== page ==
Crohn’s is an unpredictable, chronic disease that causes inflammation and swelling in the digestive tract. It can affect anyone at any age. Symptoms can be sporadic, and flare-ups can be brought on by a number of triggers like eating certain foods and being stressed. Because there’s no cure for the disease, living with the condition often requires patience, trial and error, and outside support.

Adam Rotenberg, 44 – Diagnosed in 1997

“When I started feeling better, I realized that I was not going to let this disease get the best of me. I really learned a lot about myself [and] about my body. And I know my limitations of what physical activities I can do. I also know what I can and cannot eat.”

Ben Morrison, 36 – Diagnosed in 1997

“What I have found is that the less processed the food I’m eating is, the easier it is for me to digest. If I break down and get fast food, [and] look at the ingredients there’s like 730 ingredients in that [stuff]. All of those added [ingredients] make it that much more difficult for your intestinal system to actually do something with the food . . . so keep your ingredients simple and cook for yourself as much as possible.”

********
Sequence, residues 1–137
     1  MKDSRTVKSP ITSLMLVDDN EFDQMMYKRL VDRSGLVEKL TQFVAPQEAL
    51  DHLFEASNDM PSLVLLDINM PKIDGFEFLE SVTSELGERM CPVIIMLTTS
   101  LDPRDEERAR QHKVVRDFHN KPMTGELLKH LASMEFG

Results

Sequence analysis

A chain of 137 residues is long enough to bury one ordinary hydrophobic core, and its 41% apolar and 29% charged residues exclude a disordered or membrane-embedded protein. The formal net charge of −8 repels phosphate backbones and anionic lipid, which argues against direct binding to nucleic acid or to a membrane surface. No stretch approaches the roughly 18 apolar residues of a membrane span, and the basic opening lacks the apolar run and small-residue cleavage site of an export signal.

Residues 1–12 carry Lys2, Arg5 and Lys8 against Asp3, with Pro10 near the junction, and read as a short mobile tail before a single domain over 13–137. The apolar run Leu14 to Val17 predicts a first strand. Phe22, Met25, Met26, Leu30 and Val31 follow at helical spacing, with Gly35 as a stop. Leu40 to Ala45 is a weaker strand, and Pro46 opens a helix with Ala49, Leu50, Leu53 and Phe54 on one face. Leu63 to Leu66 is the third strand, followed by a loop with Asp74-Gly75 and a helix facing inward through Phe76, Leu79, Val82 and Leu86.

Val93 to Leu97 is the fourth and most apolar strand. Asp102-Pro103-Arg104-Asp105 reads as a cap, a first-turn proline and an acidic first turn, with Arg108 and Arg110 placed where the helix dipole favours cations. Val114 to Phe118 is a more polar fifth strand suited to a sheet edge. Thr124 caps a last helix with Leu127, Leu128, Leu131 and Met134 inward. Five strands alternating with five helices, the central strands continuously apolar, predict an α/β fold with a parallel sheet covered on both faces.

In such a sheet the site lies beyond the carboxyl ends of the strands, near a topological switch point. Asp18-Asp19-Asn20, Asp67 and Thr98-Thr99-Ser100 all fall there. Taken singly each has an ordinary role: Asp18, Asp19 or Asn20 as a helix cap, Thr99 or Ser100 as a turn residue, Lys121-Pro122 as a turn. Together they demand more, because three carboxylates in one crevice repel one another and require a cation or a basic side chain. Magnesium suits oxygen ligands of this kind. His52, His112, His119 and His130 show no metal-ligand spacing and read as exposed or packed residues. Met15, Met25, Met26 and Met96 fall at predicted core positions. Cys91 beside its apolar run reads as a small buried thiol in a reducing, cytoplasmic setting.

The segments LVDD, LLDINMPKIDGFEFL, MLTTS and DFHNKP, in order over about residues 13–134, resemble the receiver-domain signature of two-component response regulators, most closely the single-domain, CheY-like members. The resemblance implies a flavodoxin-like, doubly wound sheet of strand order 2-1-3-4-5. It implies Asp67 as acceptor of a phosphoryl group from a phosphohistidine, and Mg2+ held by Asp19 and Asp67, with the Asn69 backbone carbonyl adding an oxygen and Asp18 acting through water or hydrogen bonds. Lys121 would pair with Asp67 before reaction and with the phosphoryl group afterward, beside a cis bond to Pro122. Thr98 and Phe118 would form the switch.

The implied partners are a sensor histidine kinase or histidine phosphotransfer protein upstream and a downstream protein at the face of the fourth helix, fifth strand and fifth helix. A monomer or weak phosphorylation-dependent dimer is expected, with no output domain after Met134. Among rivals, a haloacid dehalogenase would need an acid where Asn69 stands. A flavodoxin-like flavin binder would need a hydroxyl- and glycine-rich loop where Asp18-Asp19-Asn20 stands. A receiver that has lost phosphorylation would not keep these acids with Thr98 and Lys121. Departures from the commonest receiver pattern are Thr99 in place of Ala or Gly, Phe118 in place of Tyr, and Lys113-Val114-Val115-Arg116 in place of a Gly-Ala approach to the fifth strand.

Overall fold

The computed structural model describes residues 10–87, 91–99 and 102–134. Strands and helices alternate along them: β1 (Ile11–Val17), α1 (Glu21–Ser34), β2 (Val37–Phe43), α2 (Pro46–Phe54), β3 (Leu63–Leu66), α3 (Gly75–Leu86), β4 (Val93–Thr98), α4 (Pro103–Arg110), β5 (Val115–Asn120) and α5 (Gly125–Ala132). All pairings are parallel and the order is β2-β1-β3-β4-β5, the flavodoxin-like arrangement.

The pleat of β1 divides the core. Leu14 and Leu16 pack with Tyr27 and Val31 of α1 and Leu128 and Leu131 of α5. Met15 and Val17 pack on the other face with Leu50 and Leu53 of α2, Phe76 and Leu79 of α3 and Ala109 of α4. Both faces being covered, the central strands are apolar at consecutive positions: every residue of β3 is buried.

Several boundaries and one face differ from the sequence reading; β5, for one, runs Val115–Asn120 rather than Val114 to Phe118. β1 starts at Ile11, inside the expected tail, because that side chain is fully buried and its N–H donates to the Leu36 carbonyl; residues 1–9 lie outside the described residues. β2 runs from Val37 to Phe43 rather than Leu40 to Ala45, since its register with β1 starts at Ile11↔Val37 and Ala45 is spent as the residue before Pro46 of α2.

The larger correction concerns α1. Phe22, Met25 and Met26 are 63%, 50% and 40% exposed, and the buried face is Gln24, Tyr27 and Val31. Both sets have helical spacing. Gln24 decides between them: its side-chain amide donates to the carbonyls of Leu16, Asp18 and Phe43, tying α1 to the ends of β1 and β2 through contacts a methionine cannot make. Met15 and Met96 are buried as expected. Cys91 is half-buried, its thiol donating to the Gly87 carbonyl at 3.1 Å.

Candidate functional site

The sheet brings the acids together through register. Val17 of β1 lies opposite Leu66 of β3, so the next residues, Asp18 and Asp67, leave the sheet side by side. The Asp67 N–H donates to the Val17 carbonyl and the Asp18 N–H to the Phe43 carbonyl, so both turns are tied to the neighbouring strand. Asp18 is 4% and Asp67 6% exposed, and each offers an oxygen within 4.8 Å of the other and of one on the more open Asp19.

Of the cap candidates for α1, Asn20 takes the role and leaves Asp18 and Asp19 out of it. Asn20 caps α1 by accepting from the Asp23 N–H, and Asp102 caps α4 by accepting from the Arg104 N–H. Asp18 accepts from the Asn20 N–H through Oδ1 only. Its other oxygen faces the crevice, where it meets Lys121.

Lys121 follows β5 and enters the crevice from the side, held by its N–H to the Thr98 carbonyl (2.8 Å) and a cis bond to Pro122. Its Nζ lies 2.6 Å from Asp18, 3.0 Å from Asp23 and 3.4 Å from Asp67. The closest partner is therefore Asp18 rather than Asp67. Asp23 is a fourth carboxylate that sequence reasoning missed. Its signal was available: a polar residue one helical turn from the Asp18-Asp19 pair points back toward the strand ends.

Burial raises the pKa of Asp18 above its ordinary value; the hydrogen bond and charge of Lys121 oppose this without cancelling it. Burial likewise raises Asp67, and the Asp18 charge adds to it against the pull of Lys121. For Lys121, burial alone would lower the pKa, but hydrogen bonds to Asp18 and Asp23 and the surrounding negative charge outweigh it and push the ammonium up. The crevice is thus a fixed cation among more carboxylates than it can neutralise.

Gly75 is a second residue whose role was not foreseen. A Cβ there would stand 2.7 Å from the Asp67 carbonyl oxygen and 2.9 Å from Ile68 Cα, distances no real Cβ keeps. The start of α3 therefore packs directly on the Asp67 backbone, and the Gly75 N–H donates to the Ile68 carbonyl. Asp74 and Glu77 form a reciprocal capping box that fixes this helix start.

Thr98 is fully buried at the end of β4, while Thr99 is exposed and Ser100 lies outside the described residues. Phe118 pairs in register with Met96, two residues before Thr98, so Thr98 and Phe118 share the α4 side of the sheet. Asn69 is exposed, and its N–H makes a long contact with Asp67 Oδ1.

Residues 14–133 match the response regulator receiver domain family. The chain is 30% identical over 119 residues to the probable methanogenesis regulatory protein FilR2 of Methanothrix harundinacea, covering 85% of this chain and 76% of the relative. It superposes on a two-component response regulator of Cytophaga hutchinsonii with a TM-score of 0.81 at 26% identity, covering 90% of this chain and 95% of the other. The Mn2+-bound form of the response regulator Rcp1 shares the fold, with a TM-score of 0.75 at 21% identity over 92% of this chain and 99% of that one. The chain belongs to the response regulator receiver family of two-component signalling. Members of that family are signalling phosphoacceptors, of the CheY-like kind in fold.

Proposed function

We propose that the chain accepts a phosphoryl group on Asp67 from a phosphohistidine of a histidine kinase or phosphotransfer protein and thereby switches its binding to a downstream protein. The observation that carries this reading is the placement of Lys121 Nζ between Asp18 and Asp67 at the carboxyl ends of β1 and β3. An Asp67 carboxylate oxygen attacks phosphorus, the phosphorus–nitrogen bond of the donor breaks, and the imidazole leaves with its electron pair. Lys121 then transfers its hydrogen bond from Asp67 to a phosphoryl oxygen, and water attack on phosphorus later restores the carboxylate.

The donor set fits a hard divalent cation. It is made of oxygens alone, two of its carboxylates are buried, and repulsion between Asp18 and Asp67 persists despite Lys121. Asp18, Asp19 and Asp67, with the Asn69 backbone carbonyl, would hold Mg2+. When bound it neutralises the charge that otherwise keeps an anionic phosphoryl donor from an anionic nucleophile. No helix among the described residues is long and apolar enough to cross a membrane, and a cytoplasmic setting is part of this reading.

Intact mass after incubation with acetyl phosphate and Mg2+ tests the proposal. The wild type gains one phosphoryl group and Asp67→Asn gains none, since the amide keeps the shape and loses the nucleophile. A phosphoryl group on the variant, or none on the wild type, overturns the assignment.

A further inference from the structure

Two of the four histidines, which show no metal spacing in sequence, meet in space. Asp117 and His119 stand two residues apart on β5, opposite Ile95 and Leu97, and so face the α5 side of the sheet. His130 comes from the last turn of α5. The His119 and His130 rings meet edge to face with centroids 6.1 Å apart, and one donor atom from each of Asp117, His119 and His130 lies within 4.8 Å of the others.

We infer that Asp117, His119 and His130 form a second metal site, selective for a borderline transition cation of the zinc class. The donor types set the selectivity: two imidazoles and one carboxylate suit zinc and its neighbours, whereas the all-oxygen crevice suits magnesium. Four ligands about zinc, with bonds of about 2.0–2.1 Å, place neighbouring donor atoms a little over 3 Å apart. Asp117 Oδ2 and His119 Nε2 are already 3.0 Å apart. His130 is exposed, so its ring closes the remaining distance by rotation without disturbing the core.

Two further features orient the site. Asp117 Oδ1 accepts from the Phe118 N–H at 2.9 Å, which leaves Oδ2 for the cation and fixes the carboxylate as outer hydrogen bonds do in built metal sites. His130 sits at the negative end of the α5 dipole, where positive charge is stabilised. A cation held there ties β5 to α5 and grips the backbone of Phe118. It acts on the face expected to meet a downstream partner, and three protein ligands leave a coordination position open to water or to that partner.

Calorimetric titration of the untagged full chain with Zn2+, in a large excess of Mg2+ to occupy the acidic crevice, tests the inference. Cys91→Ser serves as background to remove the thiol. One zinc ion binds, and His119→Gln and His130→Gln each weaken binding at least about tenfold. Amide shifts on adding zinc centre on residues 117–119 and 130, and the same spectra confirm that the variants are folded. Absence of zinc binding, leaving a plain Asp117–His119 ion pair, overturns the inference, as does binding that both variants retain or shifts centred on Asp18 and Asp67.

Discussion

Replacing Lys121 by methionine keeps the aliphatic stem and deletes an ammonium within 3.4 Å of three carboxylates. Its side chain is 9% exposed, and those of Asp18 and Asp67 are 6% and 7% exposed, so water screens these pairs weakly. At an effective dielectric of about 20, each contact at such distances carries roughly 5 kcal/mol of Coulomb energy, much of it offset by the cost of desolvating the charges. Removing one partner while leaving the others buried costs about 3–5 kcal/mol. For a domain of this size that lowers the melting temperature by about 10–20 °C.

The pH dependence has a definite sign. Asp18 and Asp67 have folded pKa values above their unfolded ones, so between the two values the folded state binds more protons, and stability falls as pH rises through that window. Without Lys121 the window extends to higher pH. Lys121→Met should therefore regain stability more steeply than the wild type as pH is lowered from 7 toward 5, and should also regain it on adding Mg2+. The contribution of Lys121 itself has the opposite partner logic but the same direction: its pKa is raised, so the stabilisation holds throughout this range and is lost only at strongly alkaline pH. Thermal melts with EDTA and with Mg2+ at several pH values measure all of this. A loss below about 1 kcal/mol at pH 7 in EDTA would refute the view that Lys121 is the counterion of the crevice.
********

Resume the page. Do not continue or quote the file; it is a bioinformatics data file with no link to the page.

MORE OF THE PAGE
Sydney Davis, 28 – Diagnosed in 2005

“It’s really important to integrate stress-free life with diet changes. It’s kind of a whole lifestyle change. Being sick or being in pain helped me to calm down and slow down. One of the biggest things about Crohn’s is just being able to slow down without feeling bad about it, without being mad at yourself.”

Lauren Gerson, M.D. - Board certified gastroenterologist

“As a patient with Crohn’s disease, you shouldn’t feel that you need to just deal or suffer with symptoms . . . When you have symptoms, you should always call your healthcare provider, be able to discuss it with them, and then come up with a treatment plan.”